As you may have figured out by this time, one of the things I do is sell wine. I do in-home wine tastings as an independent consultant for WineShop at Home. When I joined WSAH about a year and a half ago, one of the things my 'upline' recommended in terms of building my business was to donate a wine tasting to a charity event. I had concerns about doing that. I wasn't exactly happy at the thought that if someone won the tasting or bought it thru a silent auction, I would be responsible for the cost of the sampler up front, and of course, there is never a guarantee that anyone will buy wine at a tasting, so I could be out the cost of the sampler and my time.
Around the end of the year, fund raisers for myriad organizations seem to spontaneously generate, and several organizations were referred to me by various individuals who supported my wine effort. I ended up donating 3 tastings to 3 different organizations.
It was easy enough to create a gift certificate with specific terms and conditions - an in-house tasting for a maximum of 10 guests, including the host. I would supply the wine and the appropriate snacks. This meant that, if no one bought a single bottle of wine, I would be out $59 plus the cost of the food plus my time.
The first donated tasting was purchased by a lovely couple, who were both into wine. They invited 4 couples, JD and I showed up with the stuff, and we had a GREAT time. Everybody purchased wine, and we were all happy. Win-win.
The second donated tasting was purchased by a young lawyer who had her own agenda for the evening. Despite my repeated coaching, she was determined to make it a night of networking for women. She wanted to have around 30 people - I talked her down to 20 with the condition that she purchase a half case of wine to supplement the sampler. She ignored my request to use either the WSAH WineVite or eVite, and sent out a flyer for her networking event with NO mention of me or WSAH. I called her to discuss what she was doing, and she assured me that she completely understood, and that her guests knew it was a guided wine tasting, and they would be able to purchase wine.
When JD and I arrived - after having some difficulty finding her office - she was already setting up in her conference room. A friend of hers - a pastry chef - was busy setting out gorgeous desserts. It seemed as if everything was going to be all right. I was wrong.
Her guests arrived - all professionals, lawyers, accountants, publicists. Seemed like a nice crowd. Our hostess started everything off like a business meeting, handed it off to me after round table introductions, and I began my presentation.
By the time we had poured the second wine, half of the guests were having their own conversations - so loudly that first I tried to raise my volume to get their attention. Then I asked them to be quiet while I presented the wines. Then I stood there silently until a few of them noticed I wasn't talking. Because they were too rude to pay attention to another woman trying to do business, I couldn't do anything except race thru the rest of my presentation. No one bought anything. And several of them were rude to me when I asked if they were interested in any of the wines. If I had not insisted on the hostess buying the supplemental 1/2 case, I would not have sold a single bottle of wine. At least she validated the parking. A colossal waste of time - and I was out $100 for wine and food.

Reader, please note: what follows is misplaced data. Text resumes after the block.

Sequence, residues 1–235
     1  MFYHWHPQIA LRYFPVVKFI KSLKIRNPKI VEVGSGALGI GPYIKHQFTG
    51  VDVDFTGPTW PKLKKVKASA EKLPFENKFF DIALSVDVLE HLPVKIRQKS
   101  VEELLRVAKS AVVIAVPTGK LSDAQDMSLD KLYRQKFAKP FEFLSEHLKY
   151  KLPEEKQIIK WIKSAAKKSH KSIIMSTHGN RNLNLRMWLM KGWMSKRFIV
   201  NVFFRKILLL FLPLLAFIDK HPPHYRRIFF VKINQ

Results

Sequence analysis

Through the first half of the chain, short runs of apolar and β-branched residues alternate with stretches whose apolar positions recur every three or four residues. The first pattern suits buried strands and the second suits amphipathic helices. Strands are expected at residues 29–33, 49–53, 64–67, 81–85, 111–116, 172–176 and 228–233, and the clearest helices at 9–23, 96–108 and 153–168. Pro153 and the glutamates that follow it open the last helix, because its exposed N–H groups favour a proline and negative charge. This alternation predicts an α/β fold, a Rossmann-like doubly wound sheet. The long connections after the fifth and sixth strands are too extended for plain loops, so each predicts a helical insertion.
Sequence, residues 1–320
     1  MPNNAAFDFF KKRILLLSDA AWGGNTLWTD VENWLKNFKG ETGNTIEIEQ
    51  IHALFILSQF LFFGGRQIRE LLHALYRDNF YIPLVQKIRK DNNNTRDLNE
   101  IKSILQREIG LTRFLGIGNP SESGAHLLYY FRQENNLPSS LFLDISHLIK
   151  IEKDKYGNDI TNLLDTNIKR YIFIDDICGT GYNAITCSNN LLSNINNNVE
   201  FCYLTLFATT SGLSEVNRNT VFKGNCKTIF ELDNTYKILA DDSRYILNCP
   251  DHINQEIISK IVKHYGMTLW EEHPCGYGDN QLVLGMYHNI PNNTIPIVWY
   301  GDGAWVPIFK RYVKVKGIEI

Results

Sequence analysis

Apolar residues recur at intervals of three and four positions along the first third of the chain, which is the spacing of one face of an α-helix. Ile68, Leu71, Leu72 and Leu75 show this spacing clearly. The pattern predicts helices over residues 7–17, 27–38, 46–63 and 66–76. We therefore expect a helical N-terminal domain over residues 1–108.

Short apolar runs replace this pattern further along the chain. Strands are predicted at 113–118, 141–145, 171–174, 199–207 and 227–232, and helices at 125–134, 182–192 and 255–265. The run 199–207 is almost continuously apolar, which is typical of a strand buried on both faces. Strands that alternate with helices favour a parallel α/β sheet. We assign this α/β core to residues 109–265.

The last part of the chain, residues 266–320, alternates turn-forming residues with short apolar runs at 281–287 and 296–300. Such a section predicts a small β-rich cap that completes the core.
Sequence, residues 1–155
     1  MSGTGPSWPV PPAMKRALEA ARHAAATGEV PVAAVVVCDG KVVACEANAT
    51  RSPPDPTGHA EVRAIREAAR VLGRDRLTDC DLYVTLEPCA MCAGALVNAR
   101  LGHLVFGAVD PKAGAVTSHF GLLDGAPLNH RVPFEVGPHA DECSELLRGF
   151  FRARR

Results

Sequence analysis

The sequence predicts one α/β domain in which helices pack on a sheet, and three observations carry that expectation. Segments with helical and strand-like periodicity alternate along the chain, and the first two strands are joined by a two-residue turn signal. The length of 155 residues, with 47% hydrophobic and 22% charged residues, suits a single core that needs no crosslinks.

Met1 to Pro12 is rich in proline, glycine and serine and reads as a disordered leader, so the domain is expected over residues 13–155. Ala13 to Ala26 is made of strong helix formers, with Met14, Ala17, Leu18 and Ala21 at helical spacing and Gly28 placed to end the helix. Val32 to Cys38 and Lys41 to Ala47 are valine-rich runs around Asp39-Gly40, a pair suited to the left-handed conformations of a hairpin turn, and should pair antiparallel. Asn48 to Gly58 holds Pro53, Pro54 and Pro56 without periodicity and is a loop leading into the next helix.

The third donated tasting is supposed to happen this weekend. My host has been somewhat problematic from the moment we connected. I have explained several times to her how the tasting goes: JD and I bring the wines and food. I introduce myself and WineShop at Home and provide a quick synopsis of what the evening holds. We go thru the 6 wines - discussing how they're made, where the grapes are sourced, specific attributes of the wines, suggested food pairings and recipes. After the second wine, I do a short commercial about the Wine Club. After the fourth wine, I do a demonstration of our Artisan crystal stemware. At the end, I thank everyone for their attention and ask them individually if they are interested in booking a tasting, joining the wine club and/or buying wine. And then I take their wine orders. And then we leave.
Last night, making the mistake of checking email before going to bed, I found an email from my host, telling me she didn't want me to do ANY selling at the tasting. That she wanted to take advantage of my knowledge and expertise to entertain her guests, but that she really didn't want me to sell anything.
I was so angry, I didn't sleep all night. After tossing and turning all night, and being distracted by my anger all day, I decided not to call her, but emailed her back as follows:
I have been thinking long and hard about how to reply to your email. And I have a question: What do you do for a living? When you do your job, do you expect to get paid? I sell wine for a living. So when I do an in-home tasting, I encourage people to purchase wine or join my wine club or book a tasting. And when folks do any of these things, that is how I get paid for doing my job.
From the very beginning of our discussions about this event, I made it clear that my presentation would include opportunities for people to buy wine, etc. As I have already said, I don't twist anyone's arm, I don't do a hard sell, but this is my business. This is my job. Because I am very good at my job, your guests will have a very enjoyable evening - it will be fun and educational, the wines will be tasty, and I have no doubt that your guests will want to buy wine.
You do not have the right to tell me how to work my business. If you cannot respect this, then perhaps we should cancel the event, and I will return the wine sampler to WineShop at Home.
I'm waiting for her response.